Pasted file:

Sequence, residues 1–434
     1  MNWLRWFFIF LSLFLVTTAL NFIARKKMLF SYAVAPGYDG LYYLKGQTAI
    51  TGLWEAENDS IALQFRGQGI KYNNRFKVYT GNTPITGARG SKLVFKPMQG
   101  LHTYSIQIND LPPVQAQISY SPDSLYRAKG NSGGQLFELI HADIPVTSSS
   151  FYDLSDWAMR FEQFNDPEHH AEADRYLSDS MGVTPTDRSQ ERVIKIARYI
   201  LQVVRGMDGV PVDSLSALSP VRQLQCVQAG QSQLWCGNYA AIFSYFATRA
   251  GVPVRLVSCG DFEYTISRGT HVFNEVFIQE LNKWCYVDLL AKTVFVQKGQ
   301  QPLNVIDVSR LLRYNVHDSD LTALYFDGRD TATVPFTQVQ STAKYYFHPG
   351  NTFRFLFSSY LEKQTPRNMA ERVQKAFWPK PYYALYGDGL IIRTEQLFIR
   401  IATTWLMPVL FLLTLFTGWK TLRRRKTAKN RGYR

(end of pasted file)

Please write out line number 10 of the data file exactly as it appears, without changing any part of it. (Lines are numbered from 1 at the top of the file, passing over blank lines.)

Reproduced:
   401  IATTWLMPVL FLLTLFTGWK TLRRRKTAKN RGYR